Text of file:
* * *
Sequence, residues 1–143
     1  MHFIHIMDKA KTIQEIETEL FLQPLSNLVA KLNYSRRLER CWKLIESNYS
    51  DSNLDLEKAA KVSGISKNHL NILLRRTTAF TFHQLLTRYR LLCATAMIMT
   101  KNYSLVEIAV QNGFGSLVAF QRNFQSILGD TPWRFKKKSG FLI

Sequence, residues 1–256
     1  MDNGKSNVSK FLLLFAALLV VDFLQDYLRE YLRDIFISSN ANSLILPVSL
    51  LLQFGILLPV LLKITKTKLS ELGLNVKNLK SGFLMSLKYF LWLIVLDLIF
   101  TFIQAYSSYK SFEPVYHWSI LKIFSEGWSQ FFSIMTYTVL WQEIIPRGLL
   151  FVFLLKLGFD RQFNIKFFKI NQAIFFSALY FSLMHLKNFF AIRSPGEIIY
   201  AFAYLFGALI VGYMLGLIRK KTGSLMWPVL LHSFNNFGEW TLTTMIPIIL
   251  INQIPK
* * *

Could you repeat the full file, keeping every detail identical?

Sequence, residues 1–143
     1  MHFIHIMDKA KTIQEIETEL FLQPLSNLVA KLNYSRRLER CWKLIESNYS
    51  DSNLDLEKAA KVSGISKNHL NILLRRTTAF TFHQLLTRYR LLCATAMIMT
   101  KNYSLVEIAV QNGFGSLVAF QRNFQSILGD TPWRFKKKSG FLI

Sequence, residues 1–256
     1  MDNGKSNVSK FLLLFAALLV VDFLQDYLRE YLRDIFISSN ANSLILPVSL
    51  LLQFGILLPV LLKITKTKLS ELGLNVKNLK SGFLMSLKYF LWLIVLDLIF
   101  TFIQAYSSYK SFEPVYHWSI LKIFSEGWSQ FFSIMTYTVL WQEIIPRGLL
   151  FVFLLKLGFD RQFNIKFFKI NQAIFFSALY FSLMHLKNFF AIRSPGEIIY
   201  AFAYLFGALI VGYMLGLIRK KTGSLMWPVL LHSFNNFGEW TLTTMIPIIL
   251  INQIPK